While state governments could not pay the salaries of their civil servants; and while primary school teachers in most of the 36 states were on strike for most of the year because they could not be paid; and while the nation could not fix its energy problems or its roads or even respond determinedly to its cocktail of security challenges, few men were living in the laps of luxury, mocking us
While state governments could not pay the salaries of their civil servants; and while primary school teachers in most of the 36 states were on strike for most of the year because they could not be paid; and while the nation could not fix its energy problems or its roads or even respond determinedly to its cocktail of security challenges, few men were living in the laps of luxury, mocking us. No one reckons with millionaires any more. The new big league for the big boys is the billionaire club. Only the smart men and women make it. No work, no sweat; just connection or luck or both.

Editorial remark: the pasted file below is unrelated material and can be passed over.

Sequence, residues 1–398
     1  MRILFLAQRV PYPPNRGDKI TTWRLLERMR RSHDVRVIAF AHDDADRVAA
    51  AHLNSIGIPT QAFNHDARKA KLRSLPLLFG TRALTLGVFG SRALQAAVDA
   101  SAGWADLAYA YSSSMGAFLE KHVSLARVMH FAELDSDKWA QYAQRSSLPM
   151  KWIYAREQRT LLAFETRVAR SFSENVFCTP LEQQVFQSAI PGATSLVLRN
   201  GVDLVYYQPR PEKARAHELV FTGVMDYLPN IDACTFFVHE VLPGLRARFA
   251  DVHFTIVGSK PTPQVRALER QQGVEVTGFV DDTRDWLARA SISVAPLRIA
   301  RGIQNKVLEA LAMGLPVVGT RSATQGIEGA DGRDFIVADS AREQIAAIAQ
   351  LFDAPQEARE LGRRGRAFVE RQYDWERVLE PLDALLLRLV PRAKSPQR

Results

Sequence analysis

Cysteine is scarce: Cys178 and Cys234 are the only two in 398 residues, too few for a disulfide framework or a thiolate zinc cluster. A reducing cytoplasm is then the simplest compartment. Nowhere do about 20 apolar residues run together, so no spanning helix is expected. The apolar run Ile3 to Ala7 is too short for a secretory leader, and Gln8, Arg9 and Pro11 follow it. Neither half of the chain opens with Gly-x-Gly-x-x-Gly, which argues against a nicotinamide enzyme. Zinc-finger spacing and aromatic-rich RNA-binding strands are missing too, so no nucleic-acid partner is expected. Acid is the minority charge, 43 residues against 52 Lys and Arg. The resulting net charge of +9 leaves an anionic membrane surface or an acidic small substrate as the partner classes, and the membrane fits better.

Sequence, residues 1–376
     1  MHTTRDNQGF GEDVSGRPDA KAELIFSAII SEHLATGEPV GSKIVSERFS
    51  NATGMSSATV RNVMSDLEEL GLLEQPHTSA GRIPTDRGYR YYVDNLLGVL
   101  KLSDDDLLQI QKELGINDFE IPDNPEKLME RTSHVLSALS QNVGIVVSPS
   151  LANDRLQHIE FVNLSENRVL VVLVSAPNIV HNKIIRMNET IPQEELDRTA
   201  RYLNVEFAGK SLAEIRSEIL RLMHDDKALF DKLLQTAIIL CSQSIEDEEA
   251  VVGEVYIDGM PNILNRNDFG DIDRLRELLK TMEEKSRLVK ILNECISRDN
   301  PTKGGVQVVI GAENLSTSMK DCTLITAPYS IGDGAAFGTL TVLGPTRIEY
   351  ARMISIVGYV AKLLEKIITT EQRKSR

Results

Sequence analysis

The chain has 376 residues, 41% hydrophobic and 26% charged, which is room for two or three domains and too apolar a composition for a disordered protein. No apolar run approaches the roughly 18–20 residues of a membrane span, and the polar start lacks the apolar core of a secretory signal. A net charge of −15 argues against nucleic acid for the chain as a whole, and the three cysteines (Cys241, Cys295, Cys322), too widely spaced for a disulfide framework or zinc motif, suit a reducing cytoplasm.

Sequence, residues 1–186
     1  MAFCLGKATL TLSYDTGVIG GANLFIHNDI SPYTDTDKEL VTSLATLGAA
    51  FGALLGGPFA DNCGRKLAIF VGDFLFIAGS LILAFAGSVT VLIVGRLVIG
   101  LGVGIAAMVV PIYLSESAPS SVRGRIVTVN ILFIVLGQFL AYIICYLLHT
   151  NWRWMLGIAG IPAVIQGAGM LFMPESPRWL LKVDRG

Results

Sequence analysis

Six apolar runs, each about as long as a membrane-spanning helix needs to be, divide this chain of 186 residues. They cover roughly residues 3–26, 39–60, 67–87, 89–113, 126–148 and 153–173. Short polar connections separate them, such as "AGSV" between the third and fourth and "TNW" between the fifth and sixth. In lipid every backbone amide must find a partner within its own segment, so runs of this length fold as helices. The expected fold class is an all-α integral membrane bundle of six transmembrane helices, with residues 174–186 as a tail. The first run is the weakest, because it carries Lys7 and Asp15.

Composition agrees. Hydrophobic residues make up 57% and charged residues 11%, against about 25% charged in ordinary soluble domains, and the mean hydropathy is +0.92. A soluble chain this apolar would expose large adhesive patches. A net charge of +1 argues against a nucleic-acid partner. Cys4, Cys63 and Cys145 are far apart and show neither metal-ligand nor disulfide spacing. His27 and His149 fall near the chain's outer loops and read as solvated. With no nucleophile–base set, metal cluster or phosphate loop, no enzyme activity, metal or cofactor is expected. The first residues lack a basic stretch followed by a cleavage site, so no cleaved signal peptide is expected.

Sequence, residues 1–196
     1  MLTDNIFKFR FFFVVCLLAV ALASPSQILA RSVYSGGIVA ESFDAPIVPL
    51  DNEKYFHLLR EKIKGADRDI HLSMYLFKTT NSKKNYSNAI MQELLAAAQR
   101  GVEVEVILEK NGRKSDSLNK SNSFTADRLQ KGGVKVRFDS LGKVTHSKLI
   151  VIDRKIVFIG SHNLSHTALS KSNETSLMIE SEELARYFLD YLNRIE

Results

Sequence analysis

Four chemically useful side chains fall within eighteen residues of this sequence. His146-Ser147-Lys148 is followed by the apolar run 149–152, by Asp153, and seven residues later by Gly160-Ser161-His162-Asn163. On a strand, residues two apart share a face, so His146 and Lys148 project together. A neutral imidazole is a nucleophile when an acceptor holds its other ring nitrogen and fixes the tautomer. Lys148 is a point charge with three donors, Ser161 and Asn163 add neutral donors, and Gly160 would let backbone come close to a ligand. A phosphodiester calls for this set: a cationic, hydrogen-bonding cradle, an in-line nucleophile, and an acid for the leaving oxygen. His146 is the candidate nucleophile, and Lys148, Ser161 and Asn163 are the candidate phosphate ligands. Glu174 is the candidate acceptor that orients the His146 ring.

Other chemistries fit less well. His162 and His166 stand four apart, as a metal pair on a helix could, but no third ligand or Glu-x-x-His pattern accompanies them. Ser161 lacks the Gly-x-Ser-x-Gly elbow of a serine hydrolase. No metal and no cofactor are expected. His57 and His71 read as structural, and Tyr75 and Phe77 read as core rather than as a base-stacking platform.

The quantity of ink poured on the condemnation of those smart men who made themselves wealthier and our nation poorer fiscally and morally points to one inescapable fact: we still have tears to shed for our beloved but cynically raped nation. That may not be an exact definition of patriotism, a la Nigeria, but it shows we still have the good heart to spare some pity for our nation. It counts for something.